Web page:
Tuesday, March 08, 2016

Your life wants to become another's

"I'm dead, but I'm fine."
Dead inside, she means. Or maybe just dead to some people in particular.

I found The Lost Daughter, by Elena Ferrante, to be an uncomfortable little book. Like The Days of Abandonment, it is an emotionally raw book with a narrator that says things that nice women, good mothers, aren't supposed to say.
One looks at a child and immediately the game of resemblances begins, as one hurries to enclose that child within the known perimeter of the parents. In fact it's just live matter, yet another random bit of flesh descended from long chains of organisms. Engineering — nature is engineering, so is culture, science is right behind, only chaos is not an engineer — and, along with it, the furious need to reproduce. I had wanted Bianca, one wants a child with an animal opacity reinforced by popular beliefs. She had arrived immediately, I was twenty-three, her father and I were right in the midst of a difficult struggle to keep jobs at the university. He made it, I didn't. A woman's body does a thousand different things, toils, runs, studies, fantasizes, invents, wearies, and meanwhile the breasts enlarge, the lips of the sex swell, the flesh throbs with a round life that is yours, your life, and yet pushes elsewhere, draws away from you although it inhabits your belly, joyful and weighty, felt as a greedy impulse and yet repellent, like an insect's poison injected into a vein.

Your life wants to become another's.
The novella spans the length of Leda's holiday on the coast, which she cuts short after just a couple weeks. An English professor at the university in Florence, she spends her vacation days at the beach, and she is quickly engrossed in unravelling the stories and dynamics of an extended Neapolitan family who have settled down near her. They are loud and rough — vulgar — exactly the kind of people Leda has struggled her whole life to escape.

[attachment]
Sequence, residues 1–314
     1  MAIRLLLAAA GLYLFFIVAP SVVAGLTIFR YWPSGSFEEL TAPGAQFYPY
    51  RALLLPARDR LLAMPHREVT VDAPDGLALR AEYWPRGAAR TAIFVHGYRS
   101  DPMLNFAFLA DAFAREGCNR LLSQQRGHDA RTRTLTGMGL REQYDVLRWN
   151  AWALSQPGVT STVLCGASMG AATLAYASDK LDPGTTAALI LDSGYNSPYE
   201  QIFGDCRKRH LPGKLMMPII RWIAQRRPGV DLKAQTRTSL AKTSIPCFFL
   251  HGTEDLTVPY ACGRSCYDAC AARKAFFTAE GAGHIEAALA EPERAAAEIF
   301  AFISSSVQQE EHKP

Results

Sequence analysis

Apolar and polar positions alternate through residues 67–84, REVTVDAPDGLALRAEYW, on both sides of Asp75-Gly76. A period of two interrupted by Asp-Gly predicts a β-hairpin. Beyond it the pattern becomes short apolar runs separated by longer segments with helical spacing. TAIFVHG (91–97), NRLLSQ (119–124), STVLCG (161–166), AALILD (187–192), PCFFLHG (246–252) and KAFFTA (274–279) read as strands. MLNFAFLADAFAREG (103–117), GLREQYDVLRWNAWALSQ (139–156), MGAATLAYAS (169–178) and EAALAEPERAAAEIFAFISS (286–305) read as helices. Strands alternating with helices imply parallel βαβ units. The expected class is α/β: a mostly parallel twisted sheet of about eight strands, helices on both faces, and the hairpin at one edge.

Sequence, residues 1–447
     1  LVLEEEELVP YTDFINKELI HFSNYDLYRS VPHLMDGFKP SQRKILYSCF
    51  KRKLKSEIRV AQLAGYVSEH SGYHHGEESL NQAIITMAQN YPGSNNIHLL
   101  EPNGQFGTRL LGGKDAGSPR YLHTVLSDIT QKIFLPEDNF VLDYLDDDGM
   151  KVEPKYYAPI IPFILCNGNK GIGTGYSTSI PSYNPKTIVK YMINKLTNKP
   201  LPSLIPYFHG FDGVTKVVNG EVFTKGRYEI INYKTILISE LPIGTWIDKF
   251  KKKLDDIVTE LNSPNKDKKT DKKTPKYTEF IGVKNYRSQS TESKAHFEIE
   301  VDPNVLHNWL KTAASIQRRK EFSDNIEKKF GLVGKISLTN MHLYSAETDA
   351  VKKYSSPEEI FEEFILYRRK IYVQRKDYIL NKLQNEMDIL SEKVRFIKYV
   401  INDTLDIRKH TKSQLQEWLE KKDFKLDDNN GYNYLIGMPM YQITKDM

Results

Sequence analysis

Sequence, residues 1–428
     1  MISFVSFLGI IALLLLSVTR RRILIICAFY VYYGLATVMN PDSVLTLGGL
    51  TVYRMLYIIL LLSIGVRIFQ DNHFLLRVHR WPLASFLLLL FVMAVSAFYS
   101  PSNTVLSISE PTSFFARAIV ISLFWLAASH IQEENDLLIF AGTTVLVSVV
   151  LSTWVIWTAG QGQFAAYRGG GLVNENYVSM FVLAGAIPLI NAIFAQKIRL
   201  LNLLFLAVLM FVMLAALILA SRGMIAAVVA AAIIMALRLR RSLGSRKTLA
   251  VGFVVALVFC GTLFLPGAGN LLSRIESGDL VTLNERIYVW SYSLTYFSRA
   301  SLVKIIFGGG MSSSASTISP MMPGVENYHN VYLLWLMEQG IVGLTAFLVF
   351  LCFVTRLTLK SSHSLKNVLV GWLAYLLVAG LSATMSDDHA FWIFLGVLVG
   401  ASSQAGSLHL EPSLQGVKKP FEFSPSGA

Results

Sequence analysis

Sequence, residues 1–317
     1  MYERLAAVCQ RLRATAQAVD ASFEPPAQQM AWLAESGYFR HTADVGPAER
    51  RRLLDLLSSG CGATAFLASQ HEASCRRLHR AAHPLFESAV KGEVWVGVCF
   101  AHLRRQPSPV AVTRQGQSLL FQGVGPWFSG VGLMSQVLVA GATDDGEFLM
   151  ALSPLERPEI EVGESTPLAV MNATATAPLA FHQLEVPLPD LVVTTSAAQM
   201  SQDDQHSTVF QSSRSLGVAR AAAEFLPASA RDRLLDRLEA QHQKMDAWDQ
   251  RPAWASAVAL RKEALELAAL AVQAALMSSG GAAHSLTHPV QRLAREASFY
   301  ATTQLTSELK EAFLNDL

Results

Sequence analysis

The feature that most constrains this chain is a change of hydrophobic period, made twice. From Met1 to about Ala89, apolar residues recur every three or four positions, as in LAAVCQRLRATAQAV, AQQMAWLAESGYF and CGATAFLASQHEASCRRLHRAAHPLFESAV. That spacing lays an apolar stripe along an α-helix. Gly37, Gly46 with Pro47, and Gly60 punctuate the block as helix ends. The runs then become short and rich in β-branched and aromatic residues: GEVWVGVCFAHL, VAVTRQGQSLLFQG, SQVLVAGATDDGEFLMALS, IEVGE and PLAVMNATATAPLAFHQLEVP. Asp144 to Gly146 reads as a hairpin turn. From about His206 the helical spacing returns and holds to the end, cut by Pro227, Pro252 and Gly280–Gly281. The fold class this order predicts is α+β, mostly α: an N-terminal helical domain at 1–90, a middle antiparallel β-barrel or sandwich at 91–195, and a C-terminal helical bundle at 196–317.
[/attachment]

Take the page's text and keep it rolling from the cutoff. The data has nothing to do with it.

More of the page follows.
She is particularly entranced by a 4-year-old girl, Elena, and her young mother. Their relationship is marked by intensity and tenderness; Leda obsesses over it and seemingly covets it. Then one day Elena loses her doll, and Leda is drawn into their drama more directly.
I watched the child, but, seeing her like that, alone and yet with all her ancestors compressed into her flesh, I felt something like repugnance, even though I didn't know what repelled me.
Leda's train of thought leads us back through her relatively short marriage. We learn that she has two daughters, now grown, whom she'd abandoned. We have occasional glimpses of her own mother ("How I suffered for her and for myself, how ashamed I was to have come out of the belly of such an unhappy person.") and the life she left behind in Naples.
"Now it seemed to that an encrusted sediment that had been lying for decades in the pit of my stomach was stirring."
Throughout The Lost Daughter, Leda is overwhelmed with feelings of disgust and revulsion. Beneath the surface layer, the fruit are overripe and rotten. The smell disgusts her. Insects on her pillow. A repulsion for an adult's fake-child voice and a child's fake-adult voice. The doll gurgles something bilious, stomach filth, stagnant liquid. Leda almost constantly feels irritated, exasperated, agitated, annoyed, distressed. She feels a vague irritation, an uncontainable aversion. And this attitude pervades the entire book.

So who is the eponymous lost daughter?

When Elena is briefly lost at the beach, Leda remembers herself being lost, and also when her firstborn was lost at the beach.
Bianca was crying when they found her, when they brought her back to me. I was crying, too, with happiness, with relief, but meanwhile I was also screaming with rage, like my mother, because of the crushing weight of responsibility, the bond that strangles.
Leda's daughters live in Toronto with their father; on many levels they are lost to her — they will never understand how their mother abandoned them. But the title references a singular daughter.

Perhaps Leda is the lost daughter; when she had ambitions beyond those circumscribed by Neapolitan life, she disconnected from her roots.

Perhaps Leda views Elena's mother as a lost daughter, a daughter preferable to the ones she had. She is more like her, and present.

Elena's doll is lost, and she is an imaginary daughter, and also a symbol of all the other daughters in this book. A nonexistent, ideal daughter. The doll herself, in play, mimicking Elena's aunt, is pregnant; perhaps the lost daughter is the bile inside her, expelled, aborted.
"Children are always cause for worry."
I love the intensity of Ferrante. Her writing is compelling in its honesty, but it is emotionally exhausting to read. It'll be a few months before I'm ready to face her again, but I look forward to the Neapolitan novels.

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